Bodley AL, Wani MC, Wall ME et al. Antitrypanosomal activity of camptothecin analogs. Structure-activity correlations. Biochem Pharmacol 1995; 50:937–942.PubMedCrossRefGoogle Scholar
  17. 17.
    Bearden DT, Danziger LH. Mechanism of action of and resistance to quinolones. Pharmacotherapy 2001; 21:224S–232S.PubMedCrossRefGoogle Scholar
  18. 18.
    Chakraborty AK, Majumder HK. Mode of action of pentavalent antimonials: Specific inhibition of type I DNA topoisomerase of Leishmania donovani. Biochem Biophys Res Commun 1988; 152:605–611.PubMedCrossRefGoogle Scholar
  19. 19.
    Chakraborty AK et al. A type I DNA topoisomerase from the kinetoplast hemoflagellate Leishmania donovani. Ind J Biochem Biophys 1993; 30:257–263.Google Scholar
  20. 20.
    Riou GF et al. A type I DNA topoisomerase from Trypanosoma cruzi. Eur J Biochem 1983; 134:479–484.PubMedCrossRefGoogle Scholar
  21. 21.
    Melendy T, Ray DS. Purification and nuclear localization of type I topoisomerase from Crithidia fasciculata. Mol Biochem Parasitol 1987; 24:215–225.PubMedCrossRefGoogle Scholar
  22. 22.
    Bodley AL, Shapiro TA. Molecular and cytotoxic effects of camptothecin, a topoisomerase I inhibitor, on trypanosomes and Leishmania. Proc Natl Acad Sci USA 1995; 92:3726–3730.PubMedCrossRefGoogle Scholar
  23. 23.
    Broccoli S, Marquis JF, Papadopoulou B et al. Characterization of a Leishmania donovani gene encoding a protein that resembles a type IB topoisomerase. Nucleic Acids Res 1999; 27:2745–52.PubMedCrossRefGoogle Scholar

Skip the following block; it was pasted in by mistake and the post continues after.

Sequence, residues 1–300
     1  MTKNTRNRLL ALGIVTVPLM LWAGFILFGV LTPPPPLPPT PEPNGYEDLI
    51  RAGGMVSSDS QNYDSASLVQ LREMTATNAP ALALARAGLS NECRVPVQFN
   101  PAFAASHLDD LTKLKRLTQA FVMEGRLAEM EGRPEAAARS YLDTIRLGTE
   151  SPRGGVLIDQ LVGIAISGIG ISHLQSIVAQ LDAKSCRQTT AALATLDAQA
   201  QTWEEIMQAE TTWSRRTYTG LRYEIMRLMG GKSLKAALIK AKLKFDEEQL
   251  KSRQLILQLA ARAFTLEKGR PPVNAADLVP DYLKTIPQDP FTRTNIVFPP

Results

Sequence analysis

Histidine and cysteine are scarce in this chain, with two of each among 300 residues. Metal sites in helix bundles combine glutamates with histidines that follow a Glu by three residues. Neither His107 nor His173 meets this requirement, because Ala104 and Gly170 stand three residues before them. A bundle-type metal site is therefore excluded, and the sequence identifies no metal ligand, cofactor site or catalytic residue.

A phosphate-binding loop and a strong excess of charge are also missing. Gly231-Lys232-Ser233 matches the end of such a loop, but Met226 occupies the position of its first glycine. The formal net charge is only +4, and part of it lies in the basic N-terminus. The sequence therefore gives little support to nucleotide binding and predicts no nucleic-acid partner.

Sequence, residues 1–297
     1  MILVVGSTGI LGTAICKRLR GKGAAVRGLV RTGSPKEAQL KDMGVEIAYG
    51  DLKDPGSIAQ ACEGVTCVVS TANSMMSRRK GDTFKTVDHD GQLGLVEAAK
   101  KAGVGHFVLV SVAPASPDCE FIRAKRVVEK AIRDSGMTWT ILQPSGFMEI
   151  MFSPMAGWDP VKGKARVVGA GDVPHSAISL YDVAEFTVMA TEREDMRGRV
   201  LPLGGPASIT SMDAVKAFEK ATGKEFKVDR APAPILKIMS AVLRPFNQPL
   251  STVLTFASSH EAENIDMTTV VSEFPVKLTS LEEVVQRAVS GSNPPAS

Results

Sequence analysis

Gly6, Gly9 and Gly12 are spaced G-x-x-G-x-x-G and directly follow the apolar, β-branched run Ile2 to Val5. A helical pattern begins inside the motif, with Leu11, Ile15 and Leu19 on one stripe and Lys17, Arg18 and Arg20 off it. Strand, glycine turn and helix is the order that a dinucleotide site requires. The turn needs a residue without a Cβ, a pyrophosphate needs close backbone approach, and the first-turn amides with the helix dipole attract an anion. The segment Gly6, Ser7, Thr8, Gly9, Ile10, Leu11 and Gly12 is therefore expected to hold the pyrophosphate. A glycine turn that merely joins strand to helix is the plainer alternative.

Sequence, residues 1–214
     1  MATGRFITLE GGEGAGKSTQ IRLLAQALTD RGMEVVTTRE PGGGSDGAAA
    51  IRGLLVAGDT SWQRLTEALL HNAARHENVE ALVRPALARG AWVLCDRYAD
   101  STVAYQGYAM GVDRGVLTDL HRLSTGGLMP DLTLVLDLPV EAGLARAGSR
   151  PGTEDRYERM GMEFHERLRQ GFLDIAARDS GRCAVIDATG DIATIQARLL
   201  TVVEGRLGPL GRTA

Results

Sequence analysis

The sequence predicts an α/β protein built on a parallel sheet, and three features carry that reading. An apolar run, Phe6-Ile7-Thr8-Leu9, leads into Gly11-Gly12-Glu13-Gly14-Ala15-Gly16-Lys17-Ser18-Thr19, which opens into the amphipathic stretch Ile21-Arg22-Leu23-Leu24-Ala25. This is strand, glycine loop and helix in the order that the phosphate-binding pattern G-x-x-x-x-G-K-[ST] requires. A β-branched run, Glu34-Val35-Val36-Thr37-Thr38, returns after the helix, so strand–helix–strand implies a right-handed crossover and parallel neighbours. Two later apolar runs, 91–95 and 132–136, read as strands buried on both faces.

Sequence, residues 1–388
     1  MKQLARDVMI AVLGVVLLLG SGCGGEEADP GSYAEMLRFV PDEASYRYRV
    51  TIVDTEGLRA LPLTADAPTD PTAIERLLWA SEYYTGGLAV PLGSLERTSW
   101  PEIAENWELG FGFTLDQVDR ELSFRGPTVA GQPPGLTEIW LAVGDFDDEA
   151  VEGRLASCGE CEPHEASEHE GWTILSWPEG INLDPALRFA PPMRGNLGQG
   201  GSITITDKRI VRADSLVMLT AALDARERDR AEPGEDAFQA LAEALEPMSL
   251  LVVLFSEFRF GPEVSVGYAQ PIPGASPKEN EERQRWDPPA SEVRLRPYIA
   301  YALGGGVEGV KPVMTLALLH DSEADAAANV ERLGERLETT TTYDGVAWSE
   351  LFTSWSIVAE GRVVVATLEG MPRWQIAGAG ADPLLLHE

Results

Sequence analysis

24. 24.
    Champoux JJ. Domains of human topoisomerase I and associated functions. Prog Nucleic Acid Res Mol Biol 1998; 60:111–32.PubMedCrossRefGoogle Scholar
  25. 25.
    Das A, Dasgupta A, Sengupta T et al. Topoisomerases of kinetoplastid parasites as potential chemotherapeutic targets. Trends Parasitol 2004; 8:381–387.CrossRefGoogle Scholar
  26. 26.
    Bodley AL, Shapiro TA. Molecular and cytotoxic effects of camptothecin, a topoisomerase I inhibitor, on trypanosomes and Leishmania. Proc Natl Acad Sci USA 1995; 92:3726–3730.PubMedCrossRefGoogle Scholar
  27. 27.
    Villa H, OteroMarcos AR, Reguera RM et al. A novel active DNA topoisomerase I in Leishmania donovani. J Biol Chem 2003; 278:3521–6.PubMedCrossRefGoogle Scholar
  28. 28.
    Stewart L, Ireton GC, Champoux JJ. The domain organization of human Topoisomerase I. J Biol Chem 1996; 271:7602–8.PubMedCrossRefGoogle Scholar
  29. 29.
    D’Arpa P, Machlin PS, Ratrie IIIrd H et al. cDNA cloning of human DNA Topoisomerase I: Catalytic activities of a 67.7kDa carboxy-terminal fragment. Proc Natl Acad Sci USA 1988; 85:2543–7.PubMedCrossRefGoogle Scholar
  30. 30.
    Liu LF, Miller KG. Eukaryotic DNA topoisomerases: Two forms of type I DNA topoisomerases from HeLa cell nuclei. Proc Natl Acad Sci USA 1981; 78:3487–91.PubMedCrossRefGoogle Scholar
  31. 31.
    Das BB, Sen N, Ganguly A et al. Reconstitution and functional characterization of the unusual bi-subunit type I DNA topoisomerase from Leishmania donovani. FEBS Lett 2004; 565:81–88.PubMedCrossRefGoogle Scholar
  32. 32.
    Das BB, Sen N, Dasgupta SB et al. N-terminal region of the large subunit of Leishmania donovani bisubunit topoisomerase I is involved in DNA relaxation and interaction with the smaller subunit. J Biol Chem 2005; 280:16335–44.PubMedCrossRefGoogle Scholar
  33. 33.
    Bakshi RP, Shapiro TA. RNA interference of Trypanosoma brucei topoisomerase IB: Both sub-units are essential. Mol Biochem Parasitol 2004; 136:249–55.PubMedCrossRefGoogle Scholar
  34. 34.